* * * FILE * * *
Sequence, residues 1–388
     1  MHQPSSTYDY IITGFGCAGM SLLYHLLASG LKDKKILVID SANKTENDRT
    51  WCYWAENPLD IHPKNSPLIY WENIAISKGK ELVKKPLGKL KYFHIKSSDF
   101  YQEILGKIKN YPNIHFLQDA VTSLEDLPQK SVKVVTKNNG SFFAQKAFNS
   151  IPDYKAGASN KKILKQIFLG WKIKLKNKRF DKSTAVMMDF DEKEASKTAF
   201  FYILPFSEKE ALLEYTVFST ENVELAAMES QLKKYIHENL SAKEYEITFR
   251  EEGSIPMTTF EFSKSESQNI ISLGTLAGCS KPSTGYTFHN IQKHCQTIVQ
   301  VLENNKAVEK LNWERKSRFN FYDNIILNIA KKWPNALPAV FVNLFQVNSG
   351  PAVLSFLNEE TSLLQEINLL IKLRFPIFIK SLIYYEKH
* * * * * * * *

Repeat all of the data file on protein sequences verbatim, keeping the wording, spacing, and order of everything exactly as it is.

Sequence, residues 1–388
     1  MHQPSSTYDY IITGFGCAGM SLLYHLLASG LKDKKILVID SANKTENDRT
    51  WCYWAENPLD IHPKNSPLIY WENIAISKGK ELVKKPLGKL KYFHIKSSDF
   101  YQEILGKIKN YPNIHFLQDA VTSLEDLPQK SVKVVTKNNG SFFAQKAFNS
   151  IPDYKAGASN KKILKQIFLG WKIKLKNKRF DKSTAVMMDF DEKEASKTAF
   201  FYILPFSEKE ALLEYTVFST ENVELAAMES QLKKYIHENL SAKEYEITFR
   251  EEGSIPMTTF EFSKSESQNI ISLGTLAGCS KPSTGYTFHN IQKHCQTIVQ
   301  VLENNKAVEK LNWERKSRFN FYDNIILNIA KKWPNALPAV FVNLFQVNSG
   351  PAVLSFLNEE TSLLQEINLL IKLRFPIFIK SLIYYEKH